15. 2 points
    My "Good thing" is I signed up for a local Jingle Bell Fun Run alternative called "Jingle in your Jammies" for those of us who cannot make the race. By the way, the charity event's proceeds go to the American Arthritis Society because we need a cure!!
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    Holy Moly what a show. U2 delivered. Sydney delivered.
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  19. 2 points
    Very disappointing to hear again but unfortunately not a bit surprising
  20. 2 points
  21. 2 points
    Melbourne GA is an embaressnent to U2 fans ... the sooner this stops the better. Some of the behaviour of these self appointed Q admin is disgusting
  22. 1 point
    45279 - I seriously hate to be the bearer of bad news, but the exit poll is forecasting the biggest Tory majority since Thatcher. I am shaking.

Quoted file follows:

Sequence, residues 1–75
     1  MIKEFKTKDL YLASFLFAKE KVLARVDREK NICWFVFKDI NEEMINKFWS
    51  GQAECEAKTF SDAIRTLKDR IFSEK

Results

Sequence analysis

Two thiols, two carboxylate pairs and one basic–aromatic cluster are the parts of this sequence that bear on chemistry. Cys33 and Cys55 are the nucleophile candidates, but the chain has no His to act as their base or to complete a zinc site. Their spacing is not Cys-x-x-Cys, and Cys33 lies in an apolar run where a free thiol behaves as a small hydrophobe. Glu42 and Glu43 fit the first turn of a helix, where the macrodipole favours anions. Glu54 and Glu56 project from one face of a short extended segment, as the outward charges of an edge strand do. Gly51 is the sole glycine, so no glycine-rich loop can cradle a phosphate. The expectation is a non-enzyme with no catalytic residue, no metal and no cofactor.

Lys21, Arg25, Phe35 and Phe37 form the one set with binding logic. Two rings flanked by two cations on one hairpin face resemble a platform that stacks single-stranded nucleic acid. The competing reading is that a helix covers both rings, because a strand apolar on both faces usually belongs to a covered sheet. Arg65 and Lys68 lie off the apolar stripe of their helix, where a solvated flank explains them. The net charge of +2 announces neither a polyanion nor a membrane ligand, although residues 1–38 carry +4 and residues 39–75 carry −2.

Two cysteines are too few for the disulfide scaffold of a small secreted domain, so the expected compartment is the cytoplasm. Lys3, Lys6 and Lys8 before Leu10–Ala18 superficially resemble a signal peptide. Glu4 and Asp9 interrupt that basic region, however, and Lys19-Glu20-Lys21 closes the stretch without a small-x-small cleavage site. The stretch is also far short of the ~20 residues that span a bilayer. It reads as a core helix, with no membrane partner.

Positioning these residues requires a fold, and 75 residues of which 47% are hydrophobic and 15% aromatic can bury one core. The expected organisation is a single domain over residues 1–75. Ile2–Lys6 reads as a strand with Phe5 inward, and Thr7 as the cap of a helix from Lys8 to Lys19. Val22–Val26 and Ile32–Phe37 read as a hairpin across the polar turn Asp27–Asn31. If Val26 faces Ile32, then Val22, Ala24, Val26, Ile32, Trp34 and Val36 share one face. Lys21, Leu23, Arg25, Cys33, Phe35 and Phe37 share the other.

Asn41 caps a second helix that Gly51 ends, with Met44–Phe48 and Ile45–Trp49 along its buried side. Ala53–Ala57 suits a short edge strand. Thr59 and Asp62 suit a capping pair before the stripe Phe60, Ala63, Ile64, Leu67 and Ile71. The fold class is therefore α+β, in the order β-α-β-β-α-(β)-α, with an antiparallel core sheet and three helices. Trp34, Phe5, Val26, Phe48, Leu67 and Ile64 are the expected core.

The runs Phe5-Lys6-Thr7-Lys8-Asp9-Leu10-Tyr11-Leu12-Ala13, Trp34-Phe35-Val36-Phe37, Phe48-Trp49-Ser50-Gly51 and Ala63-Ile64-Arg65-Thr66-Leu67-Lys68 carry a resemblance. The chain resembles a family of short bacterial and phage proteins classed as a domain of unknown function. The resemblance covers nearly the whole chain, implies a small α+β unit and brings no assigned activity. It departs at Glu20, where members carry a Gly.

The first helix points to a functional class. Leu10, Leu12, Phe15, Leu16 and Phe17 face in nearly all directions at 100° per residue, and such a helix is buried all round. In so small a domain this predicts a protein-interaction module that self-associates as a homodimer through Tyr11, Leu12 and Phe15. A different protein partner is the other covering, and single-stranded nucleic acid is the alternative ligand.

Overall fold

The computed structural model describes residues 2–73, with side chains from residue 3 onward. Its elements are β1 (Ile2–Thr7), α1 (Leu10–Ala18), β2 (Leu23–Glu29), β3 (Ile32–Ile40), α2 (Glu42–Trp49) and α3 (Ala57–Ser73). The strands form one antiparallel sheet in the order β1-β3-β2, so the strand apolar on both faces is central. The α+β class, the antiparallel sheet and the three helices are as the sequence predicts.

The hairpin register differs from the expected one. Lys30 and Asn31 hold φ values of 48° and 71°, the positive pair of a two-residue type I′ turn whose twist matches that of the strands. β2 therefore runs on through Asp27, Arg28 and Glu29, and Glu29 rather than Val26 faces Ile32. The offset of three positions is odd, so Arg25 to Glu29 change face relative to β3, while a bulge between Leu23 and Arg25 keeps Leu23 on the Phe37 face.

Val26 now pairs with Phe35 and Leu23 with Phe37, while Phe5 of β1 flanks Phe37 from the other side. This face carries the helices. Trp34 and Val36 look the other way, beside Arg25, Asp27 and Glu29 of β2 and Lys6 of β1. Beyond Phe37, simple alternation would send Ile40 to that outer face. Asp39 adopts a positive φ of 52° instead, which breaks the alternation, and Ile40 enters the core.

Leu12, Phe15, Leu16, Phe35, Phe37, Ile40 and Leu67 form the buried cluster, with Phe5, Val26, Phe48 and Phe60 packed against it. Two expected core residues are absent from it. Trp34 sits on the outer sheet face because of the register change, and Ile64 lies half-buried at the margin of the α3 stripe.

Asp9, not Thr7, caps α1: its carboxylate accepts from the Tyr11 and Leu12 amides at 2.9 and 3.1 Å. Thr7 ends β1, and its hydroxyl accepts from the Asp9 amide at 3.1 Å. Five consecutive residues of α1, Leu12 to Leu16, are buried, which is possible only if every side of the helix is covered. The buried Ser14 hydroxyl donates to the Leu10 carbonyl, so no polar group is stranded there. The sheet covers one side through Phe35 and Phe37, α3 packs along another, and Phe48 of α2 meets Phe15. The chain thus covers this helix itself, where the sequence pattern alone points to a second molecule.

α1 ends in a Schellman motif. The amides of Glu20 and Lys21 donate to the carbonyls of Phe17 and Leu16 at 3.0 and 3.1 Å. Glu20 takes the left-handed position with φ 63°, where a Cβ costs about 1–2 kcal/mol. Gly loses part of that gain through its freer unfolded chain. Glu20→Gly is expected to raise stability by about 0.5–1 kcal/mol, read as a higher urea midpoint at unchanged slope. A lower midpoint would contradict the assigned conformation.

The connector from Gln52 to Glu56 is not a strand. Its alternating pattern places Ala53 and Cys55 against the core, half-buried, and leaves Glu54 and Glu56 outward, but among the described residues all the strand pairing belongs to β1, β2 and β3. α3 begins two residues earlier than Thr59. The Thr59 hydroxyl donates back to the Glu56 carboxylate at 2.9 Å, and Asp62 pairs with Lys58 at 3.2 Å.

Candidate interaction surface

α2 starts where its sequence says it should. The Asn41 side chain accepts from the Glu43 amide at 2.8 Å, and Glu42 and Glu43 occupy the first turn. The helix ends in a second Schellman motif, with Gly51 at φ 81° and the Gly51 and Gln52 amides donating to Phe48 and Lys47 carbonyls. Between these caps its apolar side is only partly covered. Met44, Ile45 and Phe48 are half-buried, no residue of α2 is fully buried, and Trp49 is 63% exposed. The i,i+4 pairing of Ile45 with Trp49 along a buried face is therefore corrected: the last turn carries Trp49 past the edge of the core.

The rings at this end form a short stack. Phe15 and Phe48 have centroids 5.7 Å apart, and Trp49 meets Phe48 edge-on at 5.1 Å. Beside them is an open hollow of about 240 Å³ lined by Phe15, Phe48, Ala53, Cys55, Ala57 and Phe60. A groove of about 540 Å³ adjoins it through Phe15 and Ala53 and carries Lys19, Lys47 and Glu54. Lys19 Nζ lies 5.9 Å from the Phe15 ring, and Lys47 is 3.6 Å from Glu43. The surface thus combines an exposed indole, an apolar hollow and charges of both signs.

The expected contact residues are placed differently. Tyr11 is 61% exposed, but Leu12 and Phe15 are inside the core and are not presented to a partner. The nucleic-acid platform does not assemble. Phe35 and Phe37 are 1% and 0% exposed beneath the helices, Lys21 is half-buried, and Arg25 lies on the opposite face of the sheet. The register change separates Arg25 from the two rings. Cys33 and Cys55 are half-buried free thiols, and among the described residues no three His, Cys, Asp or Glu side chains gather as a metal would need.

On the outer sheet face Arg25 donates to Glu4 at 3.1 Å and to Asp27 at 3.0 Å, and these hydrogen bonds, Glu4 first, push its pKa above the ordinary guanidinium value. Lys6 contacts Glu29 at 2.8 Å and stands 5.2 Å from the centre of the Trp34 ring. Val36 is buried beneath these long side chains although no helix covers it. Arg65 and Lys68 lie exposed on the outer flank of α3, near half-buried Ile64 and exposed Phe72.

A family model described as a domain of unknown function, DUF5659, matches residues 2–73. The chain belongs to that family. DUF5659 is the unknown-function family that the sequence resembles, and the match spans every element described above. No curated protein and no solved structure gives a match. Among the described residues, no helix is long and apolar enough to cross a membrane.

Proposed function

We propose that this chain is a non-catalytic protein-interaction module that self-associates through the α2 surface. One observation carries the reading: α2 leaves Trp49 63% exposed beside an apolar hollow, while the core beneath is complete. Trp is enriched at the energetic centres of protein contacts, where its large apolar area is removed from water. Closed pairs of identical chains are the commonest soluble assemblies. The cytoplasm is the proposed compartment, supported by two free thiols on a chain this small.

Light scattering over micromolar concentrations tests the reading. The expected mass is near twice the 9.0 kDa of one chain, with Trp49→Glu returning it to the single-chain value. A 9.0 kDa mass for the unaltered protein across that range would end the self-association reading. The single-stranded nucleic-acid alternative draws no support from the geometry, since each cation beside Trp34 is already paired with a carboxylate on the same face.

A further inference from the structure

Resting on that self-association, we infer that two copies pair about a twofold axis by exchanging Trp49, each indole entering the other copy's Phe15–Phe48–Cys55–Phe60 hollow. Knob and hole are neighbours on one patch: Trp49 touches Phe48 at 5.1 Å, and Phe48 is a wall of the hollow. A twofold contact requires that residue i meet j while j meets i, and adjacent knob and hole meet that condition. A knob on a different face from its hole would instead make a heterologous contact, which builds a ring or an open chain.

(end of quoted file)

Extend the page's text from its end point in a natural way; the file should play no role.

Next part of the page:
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  24. 1 point
    My wife has received the same message, and she's just received her copy!! re-subscribe and receive THE SAME GIFT???? IT'S A JOKE!!!. And I still have not received my copy....... More professionals an less beer
  25. 1 point
    In the meantime, be sure to check out the U2 Facebook page for the live announcement in approximately 40 minutes.
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  30. 1 point
    And they are finished their groundbreaking workshops on De-Institutionalisation! 3 days, 6 workshops, over 200 participants and one very happy team...Thanks to everyone who attended. Here's to the future!
  31. 1 point